What is an oligarch? -Poynter
My wife has four university degrees. I have two. I asked her last night if she could give me the definition of an oligarch. She said, “You know, I googled this thing yesterday.”
I offer this small example to show how journalists use a word that I suspect most people don’t understand – and maybe you don’t either.
It made me wonder how many Americans such a definition would apply to. And I’m sure you’ve noticed that in the last two weeks the word “oligarch” isn’t used as a compliment. The implication is that if you are rich and Russian, you are corrupt and entangled in invading Ukraine.
But let’s dwell more on how the oligarchs play out in Russian and Ukrainian politics. The word oligarchy begins to color the way we should think of the people who make up this group:
So, by definition, if you were rich and so powerful and you were part of a select group of people who controlled, say, Russia, then you would be responsible for what this government does.
The history of the oligarchy is as long as the history of rich and powerful people who influence and rule governments. In fact, in 2014, a few scholars suggested that the US government is so influenced by the rich and powerful that it approximates a government of and for the economic elite.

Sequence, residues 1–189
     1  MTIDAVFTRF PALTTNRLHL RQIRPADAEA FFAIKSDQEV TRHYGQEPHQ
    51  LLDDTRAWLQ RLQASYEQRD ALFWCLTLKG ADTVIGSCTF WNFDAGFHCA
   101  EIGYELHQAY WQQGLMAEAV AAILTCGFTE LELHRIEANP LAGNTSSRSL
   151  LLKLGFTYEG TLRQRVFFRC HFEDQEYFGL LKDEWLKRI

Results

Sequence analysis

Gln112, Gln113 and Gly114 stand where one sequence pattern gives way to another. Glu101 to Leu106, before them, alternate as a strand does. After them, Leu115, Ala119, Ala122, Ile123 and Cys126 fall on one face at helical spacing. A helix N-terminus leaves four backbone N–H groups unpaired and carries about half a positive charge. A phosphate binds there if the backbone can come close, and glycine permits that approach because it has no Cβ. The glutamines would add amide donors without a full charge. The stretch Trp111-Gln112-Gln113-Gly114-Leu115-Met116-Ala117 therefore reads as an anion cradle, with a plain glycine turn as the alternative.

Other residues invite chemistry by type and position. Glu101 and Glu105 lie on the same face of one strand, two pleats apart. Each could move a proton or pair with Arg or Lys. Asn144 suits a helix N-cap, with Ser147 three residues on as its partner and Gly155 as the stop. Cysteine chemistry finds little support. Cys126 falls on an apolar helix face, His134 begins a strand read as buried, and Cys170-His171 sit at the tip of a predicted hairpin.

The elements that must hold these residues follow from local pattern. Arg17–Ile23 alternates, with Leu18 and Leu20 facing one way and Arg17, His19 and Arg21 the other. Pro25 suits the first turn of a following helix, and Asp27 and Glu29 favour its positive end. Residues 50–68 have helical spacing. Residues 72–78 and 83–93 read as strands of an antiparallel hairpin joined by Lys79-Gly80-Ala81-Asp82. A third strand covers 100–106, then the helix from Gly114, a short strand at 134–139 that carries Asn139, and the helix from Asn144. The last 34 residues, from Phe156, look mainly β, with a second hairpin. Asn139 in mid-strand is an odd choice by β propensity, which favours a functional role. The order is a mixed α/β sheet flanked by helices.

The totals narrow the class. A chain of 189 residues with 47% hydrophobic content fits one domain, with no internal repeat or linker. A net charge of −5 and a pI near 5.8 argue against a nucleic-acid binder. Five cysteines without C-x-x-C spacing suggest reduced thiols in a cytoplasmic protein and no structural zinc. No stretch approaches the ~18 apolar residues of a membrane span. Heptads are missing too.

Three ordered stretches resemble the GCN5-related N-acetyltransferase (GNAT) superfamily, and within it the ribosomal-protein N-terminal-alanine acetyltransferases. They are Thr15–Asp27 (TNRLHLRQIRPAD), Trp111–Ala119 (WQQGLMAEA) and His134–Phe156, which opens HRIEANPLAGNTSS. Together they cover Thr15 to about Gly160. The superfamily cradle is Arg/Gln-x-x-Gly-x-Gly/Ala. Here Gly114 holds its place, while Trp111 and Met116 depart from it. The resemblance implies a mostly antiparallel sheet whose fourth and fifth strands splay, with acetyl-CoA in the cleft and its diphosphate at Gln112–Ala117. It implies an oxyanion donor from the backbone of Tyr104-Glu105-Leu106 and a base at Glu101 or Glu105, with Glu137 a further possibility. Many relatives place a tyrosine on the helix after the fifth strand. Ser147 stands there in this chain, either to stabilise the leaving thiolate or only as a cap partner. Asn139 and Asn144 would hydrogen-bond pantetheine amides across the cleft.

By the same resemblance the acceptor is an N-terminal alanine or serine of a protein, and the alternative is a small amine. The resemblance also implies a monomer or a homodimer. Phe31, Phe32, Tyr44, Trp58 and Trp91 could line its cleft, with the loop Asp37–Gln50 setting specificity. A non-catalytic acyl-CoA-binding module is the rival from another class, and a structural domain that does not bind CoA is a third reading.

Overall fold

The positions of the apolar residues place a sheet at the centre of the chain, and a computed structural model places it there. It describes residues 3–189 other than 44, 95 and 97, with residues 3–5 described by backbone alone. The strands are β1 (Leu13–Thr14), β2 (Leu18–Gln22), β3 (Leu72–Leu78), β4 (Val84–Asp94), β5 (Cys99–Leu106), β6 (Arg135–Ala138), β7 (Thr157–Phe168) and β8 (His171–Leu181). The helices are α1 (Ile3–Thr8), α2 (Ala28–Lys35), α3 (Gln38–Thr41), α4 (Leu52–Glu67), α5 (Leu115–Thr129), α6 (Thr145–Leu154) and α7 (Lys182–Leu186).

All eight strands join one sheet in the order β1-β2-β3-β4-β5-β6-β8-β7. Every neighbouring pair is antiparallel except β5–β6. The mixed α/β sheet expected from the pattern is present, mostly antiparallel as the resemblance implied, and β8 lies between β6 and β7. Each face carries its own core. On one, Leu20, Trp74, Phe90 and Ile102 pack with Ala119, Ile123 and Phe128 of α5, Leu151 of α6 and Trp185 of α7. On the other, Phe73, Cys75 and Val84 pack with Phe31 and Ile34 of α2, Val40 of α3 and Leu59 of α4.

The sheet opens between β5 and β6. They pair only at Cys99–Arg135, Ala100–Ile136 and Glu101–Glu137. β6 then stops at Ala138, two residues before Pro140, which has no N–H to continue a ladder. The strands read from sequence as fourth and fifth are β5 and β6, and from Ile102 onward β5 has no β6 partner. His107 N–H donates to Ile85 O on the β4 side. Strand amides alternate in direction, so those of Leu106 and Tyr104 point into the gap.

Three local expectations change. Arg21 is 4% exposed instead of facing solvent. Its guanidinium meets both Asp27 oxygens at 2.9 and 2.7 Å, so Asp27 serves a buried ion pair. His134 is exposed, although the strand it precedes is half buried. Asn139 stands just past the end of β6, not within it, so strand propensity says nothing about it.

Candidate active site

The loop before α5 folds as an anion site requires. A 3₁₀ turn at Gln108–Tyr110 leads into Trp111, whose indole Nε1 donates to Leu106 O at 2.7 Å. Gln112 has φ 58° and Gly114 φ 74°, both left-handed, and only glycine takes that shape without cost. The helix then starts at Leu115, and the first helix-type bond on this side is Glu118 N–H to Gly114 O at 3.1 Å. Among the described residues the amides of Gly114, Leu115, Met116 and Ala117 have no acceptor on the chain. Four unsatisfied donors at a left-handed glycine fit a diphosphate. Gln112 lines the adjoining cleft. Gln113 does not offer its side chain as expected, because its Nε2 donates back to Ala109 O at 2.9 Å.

The modern oligarchs in Russia rose to wealth, power and influence in the early 1990s when the Soviet Union collapsed and they profited from the collapse of key government-run institutions, including the industry, banking, petroleum, agriculture and mining. Newsy explains what happened next:
“These are not people who invented Google or Microsoft or Amazon. These are people who took control of the state industries that existed in Soviet times, and in 1991 there was a mad dash over who was going to run those industries,” said Howard Stoffer, a security professor. national and international affairs at the university. of New Haven. “(The oligarchs) all took over these industries and they all became these multi-zillionaires.”
As long as they remained loyal to Vladimir Putin, the oligarchs lived the life of the rich and the infamous – a world of yachts, private schools, private jets and sports teams. But Putin’s invasion of Ukraine threatens this way of life.